UNITED STATES DISTRICT COURT DISTRICT OF NEW JERSEY
August 27, 2008
AKSHAYRAJ, INC., (NLH) ET AL., PLAINTIFFS,
GETTY PETROLEUM MARKETING, INC. AND LUKOIL AMERICAS CORPORATION, DEFENDANTS.
The opinion of the court was delivered by: Hillman, District Judge
This matter has come before the Court on the motion of defendant Lukoil Americas Corporation ("LAC") for reconsideration of the Court's April 11, 2008 Opinion and Order denying its motion to dismiss plaintiffs' claims against it for lack of personal jurisdiction. Plaintiffs have not opposed this motion. For the reasons expressed below, LAC's motion will be granted.
A. Standard for Motion for Reconsideration
Local Civil Rule 7.1(i) governs a motion for reconsideration. It provides, in relevant part, that "[a] motion for reconsideration shall be served and filed within 10 business days after the entry of the order or judgment on the original motion by the Judge or Magistrate Judge. A brief setting forth concisely the matter or controlling decisions which the party believes the Judge or Magistrate Judge has overlooked shall be filed with the Notice of Motion." A judgment may be altered or amended only if the party seeking reconsideration shows: (1) an intervening change in the controlling law; (2) the availability of new evidence that was not available when the court granted the motion for summary judgment; or (3) the need to correct a clear error of law or fact or to prevent manifest injustice. Max's Seafood Cafe ex rel. Lou-Ann, Inc. v. Quinteros, 176 F.3d 669, 677 (3d Cir. 1999).
The purpose of a motion for reconsideration "is to correct manifest errors of law or fact or to present newly discovered evidence." Id. The motion may not be used to re-litigate old matters or argue new matters that could have been raised before the original decision was reached. P. Schoenfeld Asset Mgmt., L.L.C. v. Cendant Corp., 161 F. Supp. 2d 349, 352 (D.N.J. 2001). Mere disagreement with the Court will not suffice to show that the Court overlooked relevant facts or controlling law, United States v. Compaction Sys. Corp., 88 F. Supp. 2d 339, 345 (D.N.J. 1999), and should be dealt with through the normal appellate process, S.C. ex rel. C.C. v. Deptford Twp Bd. of Educ., 248 F. Supp. 2d 368, 381 (D.N.J. 2003).
In the Court's April 11, 2008 Opinion, the Court found that LAC has sufficient contacts with New Jersey to warrant this Court's exercise of personal jurisdiction over LAC. LAC argues that the contacts the Court considered sufficient are not attributable to LAC, because (1) it is simply a holding company, (2) it does not have a contractual franchise relationship with plaintiffs (Getty does), (3) it does not sell or supply gasoline to the franchisees (Getty does), (4) it does not own the Lukoil trademark (Lukiol Oil Company does and licenses it to Getty), and (5) it did not spend over twenty-five million dollars in supporting the Lukoil motor fuel brand (Getty has).
Further, LAC challenges, which it did in its original motion to dismiss, the only evidence provided by plaintiffs to support their burden of establishing LAC's minimum contacts. That evidence consisted of a certification of J. Martin Futrell, Esquire, who stated that he visited the website www.lukoilsamericas.com, which describes the Lukoil Fleet Card, Business Card, and Universal Card fleet programs. Futrell stated that the webpages "offer interactive links to allow individuals, including citizens of New Jersey and Pennsylvania, including myself had I so chosen, to apply for cards online through" Lukoil's website. (Futrell Cert. ¶ 2.) Futrell also attached print-outs from the website showing the fleet card program description and application. The Court held that this evidence was sufficient to establish personal jurisdiction over Lukoil because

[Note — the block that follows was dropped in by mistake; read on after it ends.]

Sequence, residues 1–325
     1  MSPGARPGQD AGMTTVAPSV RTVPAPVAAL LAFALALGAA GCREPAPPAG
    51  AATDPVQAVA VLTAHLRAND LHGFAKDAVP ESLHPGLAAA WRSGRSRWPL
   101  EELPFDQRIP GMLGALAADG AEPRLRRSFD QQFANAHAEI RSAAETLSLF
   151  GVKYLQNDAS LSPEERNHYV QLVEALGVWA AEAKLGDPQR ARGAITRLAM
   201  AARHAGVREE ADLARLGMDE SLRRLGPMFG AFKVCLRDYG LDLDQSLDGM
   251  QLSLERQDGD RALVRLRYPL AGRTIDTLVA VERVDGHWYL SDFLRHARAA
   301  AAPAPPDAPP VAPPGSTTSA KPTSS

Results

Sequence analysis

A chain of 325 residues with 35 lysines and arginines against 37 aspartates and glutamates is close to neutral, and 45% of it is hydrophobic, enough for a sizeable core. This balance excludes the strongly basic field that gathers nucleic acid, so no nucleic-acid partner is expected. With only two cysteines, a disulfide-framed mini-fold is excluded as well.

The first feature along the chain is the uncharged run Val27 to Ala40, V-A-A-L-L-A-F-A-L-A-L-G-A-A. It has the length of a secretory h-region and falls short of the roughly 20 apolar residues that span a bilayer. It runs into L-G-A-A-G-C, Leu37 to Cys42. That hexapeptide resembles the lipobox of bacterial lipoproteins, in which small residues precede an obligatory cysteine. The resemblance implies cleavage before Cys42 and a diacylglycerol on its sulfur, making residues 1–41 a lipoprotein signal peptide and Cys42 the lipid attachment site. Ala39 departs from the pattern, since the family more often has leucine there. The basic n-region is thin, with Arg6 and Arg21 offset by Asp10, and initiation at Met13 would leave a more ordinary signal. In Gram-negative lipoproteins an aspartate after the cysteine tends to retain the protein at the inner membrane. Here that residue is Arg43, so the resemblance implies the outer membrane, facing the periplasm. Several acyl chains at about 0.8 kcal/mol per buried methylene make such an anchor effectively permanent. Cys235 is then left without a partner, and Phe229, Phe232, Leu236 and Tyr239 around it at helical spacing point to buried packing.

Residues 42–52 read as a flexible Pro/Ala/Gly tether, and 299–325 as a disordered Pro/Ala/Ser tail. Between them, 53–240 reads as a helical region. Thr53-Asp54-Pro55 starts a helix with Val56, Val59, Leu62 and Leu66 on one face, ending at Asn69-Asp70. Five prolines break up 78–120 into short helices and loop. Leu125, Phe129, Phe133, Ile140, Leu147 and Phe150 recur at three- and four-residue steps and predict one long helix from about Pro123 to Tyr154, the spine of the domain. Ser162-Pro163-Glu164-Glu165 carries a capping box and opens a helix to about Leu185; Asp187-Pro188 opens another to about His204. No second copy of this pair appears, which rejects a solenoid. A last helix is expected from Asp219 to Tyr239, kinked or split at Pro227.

Lukoil's website is not simply a passive one. Lukoil actively solicits customers to apply for its credit card, and with that credit card, purchase its gasoline at its service stations. Thus, through its credit card program on its website, Lukoil is clearly doing business over the Internet, ostensibly with New Jersey residents, and Lukoil is entering into contracts with customers, who ostensibly live in New Jersey. This interactive business with New Jersey residents through its website demonstrates that Lukoil has "'purposefully availed' itself of conducting activity in the forum state, by directly targeting its web site to the state, knowingly interacting with residents of the forum state via its web site, or through sufficient other related contacts." Toys "R" Us, Inc., 318 F.3d at 453.
(April 11, 2008 Op. at 8.)
LAC argues that plaintiffs' evidence regarding the website is insufficient because it does not indicate who owns or operates the website and credit card program. Additionally, LAC argues that this evidence is insufficient because LAC does not "have gasoline products" or "licensees."
The Court agrees with LAC that the contacts of the three entities--LAC, Getty, and Lukoil Oil Company--were inappropriately commingled and attributed to LAC. The Court also agrees with LAC that plaintiffs' evidence regarding the website is insufficient to meet its burden of proving personal jurisdiction. That is because the Court's approval of the website as a sufficient contact was based on the commingling of contacts, as well as on the unsupported assumption that LAC "actively solicits customers" via the website. Thus, because plaintiffs' did not meet their burden*fn1 of establishing personal jurisdiction over LAC, LAC should no longer be a party to this action.
Accordingly, LAC's motion for reconsideration must be granted, and the Court's April 11, 2008 Order denying LAC's motion to dismiss must be vacated. An appropriate Order will be entered.
NOEL L. HILLMAN, U.S.D.J.